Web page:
Fourteen Angels

Chapter 1 – Prologue

Fourteen Angels

When at night I go to sleep
Fourteen angels watch do keep
Two my head are guarding
Two my feet are guiding
Two are on my right hand
Two are on my left hand
Two who warmly cover
Two who o’er me hover
Two to whom ’tis given
To guide my steps to Heaven

Engelbert Humperdinck

1854-1921

I suppose we all leave behind something to help find our way back to what we think is home. Some of us leave houses, photographs and assorted trinkets from a life gone by. Others leave a trail of ex-spouses, children, and career accomplishments by which to measure our lives and find what we think is the place where we want to be. Hansel and Gretel used bread crumbs to find their way home, only to realize later that, like morning footprints in a snowy field, bread crumbs disappear, gobbled up by hungry birds or scattered and blown on a morning breeze.

Having made several wrong turns and taken the road less traveled and the circuitous route on more than my share of laps, I’m not really sure what I’ll leave behind this time around. I can’t have children, don’t have any special talents, and never had memorable looks – unless you call looking like everyone’s cousin something special. And, since I must have missed a series of school days during the chapter on elementary geography, I tend to get lost – a lot. So I rely on a whole team of guardian angels to help guide me through life and safely deliver me to my next adventure. Many years ago I heard snippets of a song about my team of angels, all fourteen of them. Written by Engelbert Humperdinck, I always just assumed it was the pop singer who made the middle aged women swoon when he sang, After the Lovin’. Turns out, the one who knew my ‘angel’ was considerably older than the pop star, and though he may well have been an icon in his own time and space, he’s left an indelible mark on my life by giving me the gift of my own Fourteen Angels.

My angels are an unlikely bunch, some of them walked on two feet, a few got around better on all fours. They range in age and socioeconomic status, and none of them ever received the accolades they should have gotten while they were here walking the earth. Still, each of them was a hero whose personality, humor, ability to care, sensitivity, and friendship were gifts I still cherish because they helped teach me what being a good human and a great friend is really about. There wasn’t one of my angels who was without faults; if you add them up, there were a few with substance abuse and addiction issues, a handful of control freaks, a pathological liar, and one who peed every time he heard thunder. But their faults helped make them who they were, and sometimes, it was their faults that taught me what I did not want to become. For their faults and their assets, I am most grateful, though I do wish I’d picked up a better sense of direction from one of them along the way, so I wouldn’t get lost as often.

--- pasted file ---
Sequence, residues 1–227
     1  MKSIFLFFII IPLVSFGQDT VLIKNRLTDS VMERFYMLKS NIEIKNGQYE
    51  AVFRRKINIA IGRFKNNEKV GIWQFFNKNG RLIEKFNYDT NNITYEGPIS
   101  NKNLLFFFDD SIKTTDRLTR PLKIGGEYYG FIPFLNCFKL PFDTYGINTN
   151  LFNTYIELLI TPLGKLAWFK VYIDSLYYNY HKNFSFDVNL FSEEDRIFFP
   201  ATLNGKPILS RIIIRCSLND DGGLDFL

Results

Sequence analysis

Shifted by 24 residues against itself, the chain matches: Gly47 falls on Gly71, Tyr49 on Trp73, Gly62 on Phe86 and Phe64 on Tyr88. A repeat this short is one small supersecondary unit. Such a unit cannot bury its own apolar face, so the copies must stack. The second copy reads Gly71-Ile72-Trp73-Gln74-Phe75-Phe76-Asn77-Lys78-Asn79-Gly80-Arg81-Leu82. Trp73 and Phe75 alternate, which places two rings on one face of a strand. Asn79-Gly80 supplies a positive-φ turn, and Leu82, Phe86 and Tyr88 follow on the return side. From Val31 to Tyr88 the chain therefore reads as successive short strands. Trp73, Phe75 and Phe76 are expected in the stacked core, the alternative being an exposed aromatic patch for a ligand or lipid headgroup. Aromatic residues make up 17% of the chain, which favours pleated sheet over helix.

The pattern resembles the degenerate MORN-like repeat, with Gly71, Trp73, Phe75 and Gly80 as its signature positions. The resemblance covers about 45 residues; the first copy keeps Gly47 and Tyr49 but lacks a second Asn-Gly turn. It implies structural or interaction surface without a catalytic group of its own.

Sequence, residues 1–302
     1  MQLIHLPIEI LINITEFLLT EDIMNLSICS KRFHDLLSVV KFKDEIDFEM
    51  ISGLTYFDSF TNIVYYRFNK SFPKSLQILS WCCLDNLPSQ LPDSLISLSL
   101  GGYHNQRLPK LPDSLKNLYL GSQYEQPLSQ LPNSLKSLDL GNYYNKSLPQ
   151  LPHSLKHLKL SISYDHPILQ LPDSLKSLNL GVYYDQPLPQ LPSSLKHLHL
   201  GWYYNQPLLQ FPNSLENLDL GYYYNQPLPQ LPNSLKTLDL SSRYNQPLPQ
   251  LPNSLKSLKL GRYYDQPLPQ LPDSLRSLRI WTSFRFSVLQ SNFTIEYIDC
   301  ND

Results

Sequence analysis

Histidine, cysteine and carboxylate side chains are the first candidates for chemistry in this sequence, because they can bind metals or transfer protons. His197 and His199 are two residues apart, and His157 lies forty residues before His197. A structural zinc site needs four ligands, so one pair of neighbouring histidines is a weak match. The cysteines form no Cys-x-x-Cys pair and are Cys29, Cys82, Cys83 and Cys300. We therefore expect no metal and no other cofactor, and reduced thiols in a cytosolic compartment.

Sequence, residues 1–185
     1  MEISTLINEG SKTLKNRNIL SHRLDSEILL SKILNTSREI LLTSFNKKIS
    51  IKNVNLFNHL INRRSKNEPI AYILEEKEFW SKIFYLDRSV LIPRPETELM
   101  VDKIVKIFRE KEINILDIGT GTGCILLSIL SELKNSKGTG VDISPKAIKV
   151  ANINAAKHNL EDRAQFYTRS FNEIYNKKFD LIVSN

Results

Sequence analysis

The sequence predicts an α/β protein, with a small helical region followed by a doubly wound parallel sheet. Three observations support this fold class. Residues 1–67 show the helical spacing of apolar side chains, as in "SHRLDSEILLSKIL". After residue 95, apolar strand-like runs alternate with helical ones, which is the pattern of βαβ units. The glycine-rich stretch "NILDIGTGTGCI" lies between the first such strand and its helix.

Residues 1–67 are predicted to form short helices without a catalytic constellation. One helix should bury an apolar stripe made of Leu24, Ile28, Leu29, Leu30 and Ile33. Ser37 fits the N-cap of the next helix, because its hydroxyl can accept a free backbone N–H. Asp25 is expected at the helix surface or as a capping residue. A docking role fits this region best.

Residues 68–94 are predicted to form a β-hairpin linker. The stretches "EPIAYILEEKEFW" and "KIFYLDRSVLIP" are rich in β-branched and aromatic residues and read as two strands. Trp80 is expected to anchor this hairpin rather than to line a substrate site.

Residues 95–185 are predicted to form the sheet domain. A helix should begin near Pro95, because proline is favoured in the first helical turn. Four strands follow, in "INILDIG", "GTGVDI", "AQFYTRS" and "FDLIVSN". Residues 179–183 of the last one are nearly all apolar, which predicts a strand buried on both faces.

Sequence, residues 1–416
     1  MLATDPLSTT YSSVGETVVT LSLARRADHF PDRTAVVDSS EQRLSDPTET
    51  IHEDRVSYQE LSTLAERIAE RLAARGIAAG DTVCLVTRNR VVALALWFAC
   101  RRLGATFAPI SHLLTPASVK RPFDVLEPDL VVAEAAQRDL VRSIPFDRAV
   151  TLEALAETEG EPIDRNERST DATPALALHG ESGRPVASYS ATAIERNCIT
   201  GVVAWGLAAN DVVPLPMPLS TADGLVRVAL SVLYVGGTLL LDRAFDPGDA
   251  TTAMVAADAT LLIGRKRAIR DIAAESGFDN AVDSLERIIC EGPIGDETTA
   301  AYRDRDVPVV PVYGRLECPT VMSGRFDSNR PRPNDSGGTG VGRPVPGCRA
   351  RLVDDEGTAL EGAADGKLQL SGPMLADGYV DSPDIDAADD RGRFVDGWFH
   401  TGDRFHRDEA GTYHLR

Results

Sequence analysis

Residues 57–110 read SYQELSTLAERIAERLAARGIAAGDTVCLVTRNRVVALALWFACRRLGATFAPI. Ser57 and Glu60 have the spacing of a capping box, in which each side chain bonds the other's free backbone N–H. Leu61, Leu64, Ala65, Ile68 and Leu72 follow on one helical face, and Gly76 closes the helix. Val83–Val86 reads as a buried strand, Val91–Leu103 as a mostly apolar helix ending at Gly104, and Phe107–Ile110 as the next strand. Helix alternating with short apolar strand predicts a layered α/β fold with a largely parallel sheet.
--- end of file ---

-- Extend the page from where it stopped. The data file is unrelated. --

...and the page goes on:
Since they’re the ones who should be taking the credit for getting me to my appointments safely and helping to guide my thoughts and actions along the twisting path that has been my life, I hope you’ll join this heavenly cocktail party and allow me to introduce you around the room. Though they may be my own personal angels, I’m delighted to share them and I’m sure they’ll be happy to look out for you and give you some suggestions and ideas to help make your journey, too. Besides, I’ll bet if you looked back over your own life, you’ve got a motley crew of your very own angels who have helped guide your steps to heaven.

12 thoughts on “Fourteen Angels

  1. Dwendy, Dwendy, Dwendy…YES WOMAN! Keep writing! You have a rare talent for combining every day trials and tribulations, with quotes from the past (and present), and packaging it all up in wit, sincerity, warmth, and humor. Erma Bombeck comes to mind. Keep at it!!

  2. The incident with the mouse reminds of my favorite Ray Stevens song, “The Day the Squirrel went to church at the Antioch Baptist Church”. How easy it is to visualize your stories. Must be how my parents enjoyed the “television without a screen”, commonly known as the “radio”. Imagination is a wonderful thing. Didn’t one of the Beatles say that!……..IMAGINE by John Lennon. Puts you in very good company.

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